Sleazy Web Marketing

| Wed Nov. 18, 2009 1:46 PM EST

Have you ever purchased something online, pressed the "Continue" button, and then, months later, discovered that you had signed yourself up for a membership program that was charging your credit card 20 bucks a month for something you had never heard of and never knew you were buying?  Well, guess what: these scams are a multi-billion dollar business, they're partnered with lots of brand name sites you'd think you could trust, and they do everything they can to sign you up for their "services" without you knowing about it.

More here from Felix Salmon, but make sure your blood pressure is in good shape before you click over to read about it.  Previous background about legal harrassment of a blogger who wrote about this a couple of months ago here.  (Note: blood pressure warning still applies.)

Fact Checking the Fact Checkers

| Wed Nov. 18, 2009 1:10 PM EST

So how about that big 11-person fact-check that AP did of Sarah Palin's book?  Over at CJR, Greg Marx is unimpressed:

Leaving aside the issue of resource allocation, the question is: Did the fact check deliver?

Not so much — at least not if the phrase “fact check” is going to have any specific meaning....Even accepting all of the AP’s claims, several of the cases it mentions are as much matters of interpretation and analysis as factual accuracy. And in some, the Palin statements that it scrutinizes don’t even make factual claims — meaning that there’s not much to “check.”

....This sort of thing matters because, in an increasingly contested political landscape and wide-open media environment, there really is a need for fact checking....But for the idea of fact checking to have any weight — and any hope of broad credibility — it must mean something more specific than “contesting a statement that we disagree with.” When Sarah Palin talks about “Obama’s ‘death panel,’” she’s spreading misinformation that needs to be repudiated. When she talks about being beckoned by purpose, she’s being a politician. We need to recognize the difference.

I wasn't very impressed with AP's effort either, which is why I didn't blog about it at the time.  Somerby is pretty unthrilled too.  Better fact checking, please.

Collateral Damage

| Wed Nov. 18, 2009 12:44 PM EST

Via Dan Drezner, Charli Carpenter tells us that although war crimes are down over the past couple of decades compared to historical averages, collateral damage is up.  Way up:

But collateral damage is not only increasing as a percentage of all civilian deaths. The number of collateral damage victims is also increasing over time in absolute terms. Between 1823 and 1900, 84 civilians per year on average were the victims of collateral damage. Since 1990, the number is 1688 per year — a twenty-fold increase.

Dan comments:

This finding, if it holds up, is surprising for two reasons.  First, the number of interstate wars has been trending downward for the last thirty years — so an increase in the absolute numbers of civilian collateral damage would not be expected.  Second, this bump in collateral damage also took place during a revolution in precision-guided munitions — which, in theory, was supposed to reduce the likelihood of collateral damage.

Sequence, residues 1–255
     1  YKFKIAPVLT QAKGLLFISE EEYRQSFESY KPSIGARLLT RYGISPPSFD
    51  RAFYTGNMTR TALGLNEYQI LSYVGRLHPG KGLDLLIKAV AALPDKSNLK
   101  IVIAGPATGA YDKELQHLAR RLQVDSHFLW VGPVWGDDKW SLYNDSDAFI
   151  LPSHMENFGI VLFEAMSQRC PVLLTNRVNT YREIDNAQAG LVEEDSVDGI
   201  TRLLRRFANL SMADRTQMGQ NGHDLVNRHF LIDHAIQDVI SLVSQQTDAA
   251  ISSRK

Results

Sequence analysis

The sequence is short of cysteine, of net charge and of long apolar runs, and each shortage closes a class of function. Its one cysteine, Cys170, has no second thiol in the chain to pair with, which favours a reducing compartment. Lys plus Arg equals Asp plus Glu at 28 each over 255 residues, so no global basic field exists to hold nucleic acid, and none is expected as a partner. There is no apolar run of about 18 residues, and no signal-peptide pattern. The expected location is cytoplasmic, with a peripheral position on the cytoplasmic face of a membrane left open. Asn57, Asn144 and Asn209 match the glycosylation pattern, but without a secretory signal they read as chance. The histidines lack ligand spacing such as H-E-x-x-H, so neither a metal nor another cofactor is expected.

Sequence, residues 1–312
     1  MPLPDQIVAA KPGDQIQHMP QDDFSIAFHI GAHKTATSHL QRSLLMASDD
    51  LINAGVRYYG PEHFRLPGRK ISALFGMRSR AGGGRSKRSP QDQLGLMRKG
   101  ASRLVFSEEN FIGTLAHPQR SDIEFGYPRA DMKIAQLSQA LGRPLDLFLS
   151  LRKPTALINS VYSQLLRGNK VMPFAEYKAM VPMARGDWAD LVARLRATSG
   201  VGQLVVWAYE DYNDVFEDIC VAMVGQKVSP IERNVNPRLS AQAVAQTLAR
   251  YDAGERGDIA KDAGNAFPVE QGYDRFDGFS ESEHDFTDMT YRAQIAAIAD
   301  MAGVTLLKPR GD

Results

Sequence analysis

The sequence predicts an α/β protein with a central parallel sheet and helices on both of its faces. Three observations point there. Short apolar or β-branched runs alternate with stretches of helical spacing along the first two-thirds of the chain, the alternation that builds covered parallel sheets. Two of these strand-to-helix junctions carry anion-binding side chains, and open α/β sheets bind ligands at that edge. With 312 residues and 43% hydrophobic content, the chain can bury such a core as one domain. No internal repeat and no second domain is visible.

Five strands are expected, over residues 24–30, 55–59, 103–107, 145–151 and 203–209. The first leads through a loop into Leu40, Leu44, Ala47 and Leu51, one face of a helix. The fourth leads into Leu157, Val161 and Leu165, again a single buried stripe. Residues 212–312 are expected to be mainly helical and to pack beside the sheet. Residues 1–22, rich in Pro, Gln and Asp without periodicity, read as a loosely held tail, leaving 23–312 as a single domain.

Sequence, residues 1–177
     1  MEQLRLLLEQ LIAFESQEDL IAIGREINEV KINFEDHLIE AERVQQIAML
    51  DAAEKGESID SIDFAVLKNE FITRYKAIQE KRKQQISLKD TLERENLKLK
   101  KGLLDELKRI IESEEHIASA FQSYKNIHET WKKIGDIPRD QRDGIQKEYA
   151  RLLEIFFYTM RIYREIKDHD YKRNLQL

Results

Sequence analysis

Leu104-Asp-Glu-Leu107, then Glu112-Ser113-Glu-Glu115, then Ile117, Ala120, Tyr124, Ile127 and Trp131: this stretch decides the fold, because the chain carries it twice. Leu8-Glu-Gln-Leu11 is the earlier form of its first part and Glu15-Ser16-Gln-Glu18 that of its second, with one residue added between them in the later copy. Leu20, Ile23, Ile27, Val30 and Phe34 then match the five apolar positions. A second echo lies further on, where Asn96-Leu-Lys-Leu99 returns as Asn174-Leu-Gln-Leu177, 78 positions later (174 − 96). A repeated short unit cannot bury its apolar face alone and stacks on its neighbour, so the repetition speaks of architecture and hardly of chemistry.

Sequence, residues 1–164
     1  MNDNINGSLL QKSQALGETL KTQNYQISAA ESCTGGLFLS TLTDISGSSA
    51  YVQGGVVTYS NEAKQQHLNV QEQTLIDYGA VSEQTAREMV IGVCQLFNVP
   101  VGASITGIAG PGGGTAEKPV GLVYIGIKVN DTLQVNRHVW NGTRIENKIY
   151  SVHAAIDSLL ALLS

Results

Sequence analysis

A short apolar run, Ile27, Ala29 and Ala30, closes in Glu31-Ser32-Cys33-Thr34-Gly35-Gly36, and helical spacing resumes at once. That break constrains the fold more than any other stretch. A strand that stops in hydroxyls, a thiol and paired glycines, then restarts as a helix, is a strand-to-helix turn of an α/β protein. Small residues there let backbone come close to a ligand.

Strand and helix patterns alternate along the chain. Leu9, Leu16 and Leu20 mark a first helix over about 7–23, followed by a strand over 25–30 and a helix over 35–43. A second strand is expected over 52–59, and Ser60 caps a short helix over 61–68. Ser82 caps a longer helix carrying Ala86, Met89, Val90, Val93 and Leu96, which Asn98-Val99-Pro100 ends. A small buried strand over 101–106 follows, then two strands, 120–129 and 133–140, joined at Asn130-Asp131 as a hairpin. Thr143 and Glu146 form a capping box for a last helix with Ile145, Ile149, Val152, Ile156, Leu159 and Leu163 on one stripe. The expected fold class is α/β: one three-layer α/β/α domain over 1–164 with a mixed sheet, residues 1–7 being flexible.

Note that these figures are only for interstate wars, not civil wars or local insurgencies.  And I wonder how much of it has to do, essentially, with reporting problems.  Intentional killing of civilians is far more vigorously condemned today than it was in the 19th century, which provides both individual soldiers and the military at large with enormous incentives to categorize all civilian deaths as "collateral."  Some of the decline in intentional murders is probably real — that widespread condemnation certainly has had some effect, after all — but probably not as much of it as we think.

Alternatively, this might just be an artifact of the time periods chosen for study.  The 1990s and beyond might have been an era of precision-guided bombs, but precision guided or not, they're still bombs, and bombs do a lot of collateral damage.  In the 19th century, it was all artillery and small arms, which are just fundamentally less likely to cause lots of collateral damage.  Still, the post-90s number is up even compared to the 1945-1989 period, so there's probably more to it than just that.

Other ideas?

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The Bailout and the Future

| Wed Nov. 18, 2009 12:22 PM EST

Paul Krugman writes about the knock-on effects of the government paying off all of AIG's obligations at 100 cents on the dollar:

Brad DeLong says that the loss of public trust due to the kid-gloves treatment of bankers has raised the probability of another Great Depression, because the public won’t support another round of bailouts even if it becomes desperately necessary. I agree — but I think the bigger cost is that we’ve greatly increased the chance of a Japanese-style lost decade, with I would now give roughly even odds of happening. Why? Because bank-friendly policies have squandered public trust in all government action: try talking to the general public about stimulus, and it’s all confounded in their minds with the deeply unpopular bailouts.